Stay thirsty. Whatever area you’re focusing on, learn the basics, and then the more complex aspects only as a starting point. While you’re doing that, take up varied interests to stay engaged with the world. Find different ways to connect with people, even if it’s just people watching on a busy street. Also, utilize analog tools in your process to help in your thinking. And finally, be ready to be humbled – look forward to learning from failure.
Is there anyone inspiring you whom you believe practices experience design but does not call themselves an ‘experience designer’?
If you think about it, the Dalai Lama is teaching us to design our lives through values like compassion and discipline, so that we may experience happiness — and he incorporates both internal truths and scientific data to back it up. Design from the inside out — can’t beat that! More concretely, he’s recently worked on an interactive tool, the Atlas of Emotions, in collaboration with a psychologist that can certainly positively impact the experiences of others. I hope someone sends him an experience design ribbon.
What is your experience design philosophy?
My philosophy is to humanize the designs we create, by taking into account data, compassion, imagination, simplicity and the input of others. Through iteration — the hammering out of ideas — something emerges that will fulfill a purpose. The designs being produced by the team intersect with lives being designed by individuals, so it’s an interesting journey between internal and external worlds. It’s also my philosophy to have as much fun as I can in the process, as I think that correlates with positive results.
How do you think experience design can help make the world a better place?
Experience design can help make the world a better place by communicating love through designed interactions — “Your work is a gift,” as James Victore would say. Say someone needs to go to the hospital. The experience they have using the hospital website, their car, GPS, the parking lot, the hospital itself, forms, pen and wheelchair all shape their overall experience. Each could add friction, and each could seamlessly aid them on their journey. The experience designer who is working on the website and makes adjustments for someone having a horrible day, is acting for a noble cause. So the practice of Experience Design acts to make designers better people as well.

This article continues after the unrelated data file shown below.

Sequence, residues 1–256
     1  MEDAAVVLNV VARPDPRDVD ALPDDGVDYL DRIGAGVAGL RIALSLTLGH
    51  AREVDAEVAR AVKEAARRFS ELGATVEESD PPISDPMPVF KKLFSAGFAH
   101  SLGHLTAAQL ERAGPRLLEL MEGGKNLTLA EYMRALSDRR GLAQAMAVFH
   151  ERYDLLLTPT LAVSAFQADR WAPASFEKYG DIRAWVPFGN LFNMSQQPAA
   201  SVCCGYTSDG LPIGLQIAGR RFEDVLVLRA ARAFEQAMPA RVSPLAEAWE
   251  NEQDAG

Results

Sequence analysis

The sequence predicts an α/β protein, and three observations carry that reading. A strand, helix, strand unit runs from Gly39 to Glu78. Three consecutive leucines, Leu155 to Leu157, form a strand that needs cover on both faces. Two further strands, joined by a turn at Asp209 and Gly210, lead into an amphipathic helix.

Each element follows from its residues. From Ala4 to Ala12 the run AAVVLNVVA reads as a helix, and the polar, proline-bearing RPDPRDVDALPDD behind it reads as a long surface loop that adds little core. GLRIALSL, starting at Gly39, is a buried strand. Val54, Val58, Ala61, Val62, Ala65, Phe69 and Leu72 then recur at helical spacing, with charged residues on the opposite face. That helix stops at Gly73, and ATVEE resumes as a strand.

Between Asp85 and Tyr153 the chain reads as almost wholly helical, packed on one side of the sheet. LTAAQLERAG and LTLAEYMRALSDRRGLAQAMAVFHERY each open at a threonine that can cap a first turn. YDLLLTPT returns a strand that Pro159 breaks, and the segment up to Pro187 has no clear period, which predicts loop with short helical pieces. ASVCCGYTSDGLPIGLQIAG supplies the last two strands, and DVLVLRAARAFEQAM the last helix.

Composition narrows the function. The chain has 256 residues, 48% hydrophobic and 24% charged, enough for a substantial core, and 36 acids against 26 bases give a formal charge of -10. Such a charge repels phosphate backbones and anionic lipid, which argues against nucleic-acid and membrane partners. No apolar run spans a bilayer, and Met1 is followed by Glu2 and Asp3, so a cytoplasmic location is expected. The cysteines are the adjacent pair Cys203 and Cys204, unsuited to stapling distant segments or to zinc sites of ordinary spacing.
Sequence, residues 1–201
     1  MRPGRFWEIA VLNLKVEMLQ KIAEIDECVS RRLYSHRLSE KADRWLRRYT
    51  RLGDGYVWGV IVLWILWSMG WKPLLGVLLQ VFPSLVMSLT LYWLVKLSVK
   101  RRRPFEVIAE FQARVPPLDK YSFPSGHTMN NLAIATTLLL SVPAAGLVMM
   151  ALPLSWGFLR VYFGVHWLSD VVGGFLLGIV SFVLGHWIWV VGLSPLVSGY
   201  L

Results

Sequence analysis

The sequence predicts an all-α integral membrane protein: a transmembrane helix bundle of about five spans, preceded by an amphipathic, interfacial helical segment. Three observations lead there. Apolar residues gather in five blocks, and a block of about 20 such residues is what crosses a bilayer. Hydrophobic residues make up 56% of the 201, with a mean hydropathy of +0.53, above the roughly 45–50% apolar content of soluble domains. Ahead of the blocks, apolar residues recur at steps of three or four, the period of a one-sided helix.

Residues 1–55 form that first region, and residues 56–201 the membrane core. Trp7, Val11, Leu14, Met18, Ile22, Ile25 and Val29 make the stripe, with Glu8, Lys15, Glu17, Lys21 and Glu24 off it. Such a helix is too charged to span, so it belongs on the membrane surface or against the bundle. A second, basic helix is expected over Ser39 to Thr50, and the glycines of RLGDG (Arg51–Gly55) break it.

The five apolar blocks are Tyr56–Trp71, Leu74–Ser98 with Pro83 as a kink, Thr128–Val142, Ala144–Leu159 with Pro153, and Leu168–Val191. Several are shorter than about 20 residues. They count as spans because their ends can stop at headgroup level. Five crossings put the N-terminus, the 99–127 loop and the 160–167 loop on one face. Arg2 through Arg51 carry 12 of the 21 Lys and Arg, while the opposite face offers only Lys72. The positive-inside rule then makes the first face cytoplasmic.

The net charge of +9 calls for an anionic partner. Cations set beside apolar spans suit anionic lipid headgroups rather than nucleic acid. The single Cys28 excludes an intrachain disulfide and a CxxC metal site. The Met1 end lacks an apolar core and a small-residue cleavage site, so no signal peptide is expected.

What has been your proudest moment so far as an experience designer?
My proudest moment has been repeated a few times. When I’m working with a client, and I dig into their field and organization, and through that process see a concept or an idea that brings their team together, or helps them see what they do in a better light – that can be pretty rewarding. It’s usually those clients that are most excited about the work they get to share with their end users as well.
Do you believe experience design is an art or a science or a blend of both?
I believe it’s a blend of both, and experience design would really be lacking without a healthy mixture of the two. Both art and science are about asking big questions, investigating, and finding meaning. It’s up to us to decide what questions to ask and how we decide best to answer them — science and art both have their strengths. Science samples the world outside ourselves, collecting data as impartially as we can, but the quantitative is nothing without seeing it through the lens of our humanity. Together they go through a cycle of investigating the world internally and bouncing those findings off of things we observe externally with others. We’re designing things that hopefully benefit groups of people, so both of these need to be top of mind to be successful.